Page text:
Wednesday, November 30

Bond managers expect better 2023 in face of recession, volatility


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Fixed income portfolios could see better returns next year as investors seek protection from economic recession and volatility in other assets, bond fund managers said.

Bonds can begin to “normalize a bit” after adjusting to the end of quantitative easing and negative rates this year, Jim Cielinski, global head of fixed income at Janus Henderson Investors, told the Reuters Global Markets Forum (GMF) on Friday.

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“Bond prices are likely to … head higher into a more friendly expectation for the Federal Reserve,” he said.

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Bonds prices have been hit by rising interest rates and uncertainty over central bank policy this year.

“US fixed income looks attractive at the moment,” said Jonathan Mondillo, abrdn’s head of North American fixed income.

Mondillo said bond markets will remain volatile in 2023, but expected positive total returns, specifically in corporate and municipal debt, both of which look attractively priced relative to equity markets.

The ICE BofA US Treasury Index is on pace for its biggest annual drop on record, while the benchmark 10-year US Treasury yield is trading around its highest levels since 2008.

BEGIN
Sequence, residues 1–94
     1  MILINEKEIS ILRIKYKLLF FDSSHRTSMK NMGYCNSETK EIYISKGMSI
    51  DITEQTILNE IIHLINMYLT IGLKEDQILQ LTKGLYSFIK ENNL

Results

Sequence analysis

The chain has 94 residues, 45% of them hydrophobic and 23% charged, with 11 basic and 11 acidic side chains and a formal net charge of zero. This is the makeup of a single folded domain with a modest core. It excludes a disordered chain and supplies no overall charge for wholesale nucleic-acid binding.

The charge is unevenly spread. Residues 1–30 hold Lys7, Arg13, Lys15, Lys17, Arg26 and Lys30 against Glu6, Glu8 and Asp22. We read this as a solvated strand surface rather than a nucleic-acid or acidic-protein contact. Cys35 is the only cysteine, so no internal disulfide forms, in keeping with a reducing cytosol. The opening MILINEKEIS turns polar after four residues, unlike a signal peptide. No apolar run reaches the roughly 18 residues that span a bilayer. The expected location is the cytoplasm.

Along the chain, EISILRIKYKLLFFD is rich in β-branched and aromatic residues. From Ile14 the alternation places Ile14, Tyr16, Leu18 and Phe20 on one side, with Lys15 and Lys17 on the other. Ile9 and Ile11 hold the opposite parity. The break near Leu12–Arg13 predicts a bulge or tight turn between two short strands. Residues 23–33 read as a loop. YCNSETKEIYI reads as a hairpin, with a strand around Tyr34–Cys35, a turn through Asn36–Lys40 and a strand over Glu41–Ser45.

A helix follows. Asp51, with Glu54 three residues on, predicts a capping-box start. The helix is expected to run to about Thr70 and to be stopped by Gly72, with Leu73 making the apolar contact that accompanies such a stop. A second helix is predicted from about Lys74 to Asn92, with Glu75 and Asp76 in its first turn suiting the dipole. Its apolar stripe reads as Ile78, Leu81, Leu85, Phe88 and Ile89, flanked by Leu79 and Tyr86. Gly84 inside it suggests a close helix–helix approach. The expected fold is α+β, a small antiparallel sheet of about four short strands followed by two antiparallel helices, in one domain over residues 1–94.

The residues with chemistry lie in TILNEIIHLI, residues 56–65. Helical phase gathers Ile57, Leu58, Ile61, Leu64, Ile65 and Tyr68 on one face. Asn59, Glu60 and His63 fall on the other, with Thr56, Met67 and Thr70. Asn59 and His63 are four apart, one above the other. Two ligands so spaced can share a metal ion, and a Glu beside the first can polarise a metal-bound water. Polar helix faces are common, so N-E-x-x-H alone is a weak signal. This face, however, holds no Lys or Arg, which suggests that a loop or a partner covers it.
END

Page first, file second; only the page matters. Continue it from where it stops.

“The worst is probably behind us,” Mondillo said.

Both managers see an economic slowdown next year, with Cielinski pointing to “credit growth, real incomes and high inventories” as signs of trouble ahead.

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Cielinski recommended mortgage and other asset-backed securities, along with more permanent allocations to cash and cash instruments.

“Asset classes, overly buffeted by liquidity, but that have better protection to a slow economy look attractive,” he said.

As the most volatile period in years for traders draws to a close, the year-end dash for cash and high-quality assets will likely prove more challenging than usual in markets.

(Join GMF, a chat room hosted on Refinitiv Messenger: https://refini.tv/33uoFoQ)

(Reporting by Lisa Pauline Mattackal and Anisha Sircar in Bengaluru; Editing by Divya Chowdhury and Kirsten Donovan)



financialpost.com

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